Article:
It has been a personal desire to have mobile broadband connectivity with a laptop and not have a requirement for peripherals like MiFi or PAM, for half a decade. When I first experienced using a Panasonic Toughbook it had a Qualcomm Gobi that was an insane challenge to get working in Linux. In every incantation of laptop acquisition I’ve made sure to option for LTE modem connectivity, however its typically marginalized by most manufactures as an edge requirement. Many times you’d have to consider a trade off between the best display offered and having an internal modem (due to antenna placement). When a modem was available, often there were idiosyncratic difficulties with getting it to work consistently. Typically it felt like you were having to coax the hardware into obtaining some magical state that would be difficult to consistently reproduce, which meant it wasn’t reliable for road warrior purposes.
Project Fi gets mentioned in almost every one of my travel posts because it has broken down a lot of barriers around the user experience for mobile connectivity. Users are able to go to, currently, over 135 and have coverage. Secondarily, Fi makes it incredibly easy to request a Data Only SIM, activate it, and place it in any device that can accept minimal parameters for coverage. It seemed like it would be entirely possible to get a Fi SIM working in a mainstream LTE modem after I’d seen this write-up.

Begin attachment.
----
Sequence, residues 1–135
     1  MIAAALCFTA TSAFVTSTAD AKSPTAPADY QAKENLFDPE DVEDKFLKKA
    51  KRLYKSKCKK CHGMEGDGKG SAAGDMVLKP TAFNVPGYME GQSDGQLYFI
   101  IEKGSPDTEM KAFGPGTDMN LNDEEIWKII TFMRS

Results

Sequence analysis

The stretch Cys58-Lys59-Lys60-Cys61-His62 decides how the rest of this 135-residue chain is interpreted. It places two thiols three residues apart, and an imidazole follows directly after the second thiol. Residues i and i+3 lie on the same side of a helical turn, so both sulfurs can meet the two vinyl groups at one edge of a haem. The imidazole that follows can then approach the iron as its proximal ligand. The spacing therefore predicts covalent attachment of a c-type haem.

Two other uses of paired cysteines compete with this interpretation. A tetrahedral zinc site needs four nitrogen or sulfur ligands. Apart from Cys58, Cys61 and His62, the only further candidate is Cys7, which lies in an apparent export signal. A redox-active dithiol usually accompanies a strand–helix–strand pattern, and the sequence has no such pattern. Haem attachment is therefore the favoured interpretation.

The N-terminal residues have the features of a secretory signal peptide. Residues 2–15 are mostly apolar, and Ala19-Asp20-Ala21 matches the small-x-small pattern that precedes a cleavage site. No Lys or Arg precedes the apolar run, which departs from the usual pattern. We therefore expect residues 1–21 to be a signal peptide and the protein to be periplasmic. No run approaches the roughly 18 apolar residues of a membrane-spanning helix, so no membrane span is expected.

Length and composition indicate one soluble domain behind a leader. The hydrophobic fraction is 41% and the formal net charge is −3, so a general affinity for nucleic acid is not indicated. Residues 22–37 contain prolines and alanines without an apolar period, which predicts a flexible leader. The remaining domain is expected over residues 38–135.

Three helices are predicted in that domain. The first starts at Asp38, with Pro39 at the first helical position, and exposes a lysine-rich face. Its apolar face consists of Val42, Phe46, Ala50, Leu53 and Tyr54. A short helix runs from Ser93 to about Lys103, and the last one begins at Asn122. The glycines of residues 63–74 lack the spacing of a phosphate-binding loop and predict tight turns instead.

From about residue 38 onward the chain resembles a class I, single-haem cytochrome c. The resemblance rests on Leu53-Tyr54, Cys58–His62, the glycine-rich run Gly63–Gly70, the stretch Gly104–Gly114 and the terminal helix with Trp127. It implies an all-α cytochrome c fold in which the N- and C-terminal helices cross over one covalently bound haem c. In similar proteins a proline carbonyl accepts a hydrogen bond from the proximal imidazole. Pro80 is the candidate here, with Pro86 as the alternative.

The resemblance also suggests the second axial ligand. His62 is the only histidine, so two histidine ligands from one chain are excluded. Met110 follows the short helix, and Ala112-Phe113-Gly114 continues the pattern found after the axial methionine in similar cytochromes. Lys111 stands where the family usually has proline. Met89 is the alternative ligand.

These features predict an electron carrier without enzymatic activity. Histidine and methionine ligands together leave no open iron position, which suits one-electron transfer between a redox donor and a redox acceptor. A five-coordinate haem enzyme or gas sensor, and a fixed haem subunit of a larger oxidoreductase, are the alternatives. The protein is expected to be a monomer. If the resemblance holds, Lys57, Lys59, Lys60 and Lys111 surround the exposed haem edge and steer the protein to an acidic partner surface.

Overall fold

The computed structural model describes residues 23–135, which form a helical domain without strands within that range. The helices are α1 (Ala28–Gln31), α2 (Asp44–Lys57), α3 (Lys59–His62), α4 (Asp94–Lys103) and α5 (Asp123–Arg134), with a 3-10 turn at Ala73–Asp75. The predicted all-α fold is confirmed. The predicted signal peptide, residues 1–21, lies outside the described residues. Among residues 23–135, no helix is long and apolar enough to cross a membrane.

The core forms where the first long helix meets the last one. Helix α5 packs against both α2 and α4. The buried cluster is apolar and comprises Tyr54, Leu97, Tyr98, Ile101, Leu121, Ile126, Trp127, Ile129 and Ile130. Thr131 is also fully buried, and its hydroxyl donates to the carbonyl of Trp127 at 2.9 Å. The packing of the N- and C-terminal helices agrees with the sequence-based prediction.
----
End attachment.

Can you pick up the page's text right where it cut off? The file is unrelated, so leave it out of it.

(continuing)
Thinkpad T470s with LTE Modem
The Thinkpad T470s is equipped with a Qualcomm Snapdragon X7 EM7455 mobile broadband card. If you followed my guide you’d end up with Gnome Shell as your desktop environment and NetworkManager as your abstraction to all of your network interface devices. To get NetworkManager to play nicely with your LTE modem you’ll want to install and enable ModemManager (which might also be capable of doing GPS):
pacman -S modemmanager
systemctl enable --now ModemManager.service
From what I can tell, this is all of the modifications to your system you need. In previous modems you’d have to set several module parameters and have other software dependencies to manage interaction to the device.
Project Fi with NetworkManager
You can request a Data Only SIM via the manage section of the Fi interface. Your SIM will be mailed for free and will arrive within a credit card sized chassis. On the back of the card you will have a 16 digit alphanumeric identifier that you enter into their registration site. Once activated, you’ll be prompted for device, selecting other here gives you the only essential piece of information you’ll need, the APN, which is
You then insert the SIM and create a profile. I find that
nm-connection-editor is preferred for managing profiles because the Gnome Shell interface makes assumptions, like profile names, that sometimes lead to confusion. In
nm-connection-editor you need to add a connection type of Mobile Broadband, then:
- Select United States for your Provider Country or Region
- Select I can’t find my provider… and enter whatever name you’d like, I chose Project Fi
- Select Apply
You’ll now see a new profile listed under Mobile Broadband. Select this and:
- Give it a meaningful Connection Name
- Select Allow roaming… as Fi often suggests turning on roaming to solve connectivity issues
- Set IPv6 Settings to ignore (unless you want to use ipv6)
You should now be able to exit
nm-connection-editor and select connect under the Mobile Broadband section in Gnome Shell. It appears that NetworkManager is trying to be helpful and won’t connect via the LTE modem until you’ve disconnected from both Ethernet and WiFi.
This works in multiple countries (tested in Iceland/Scotland/UK/Germany).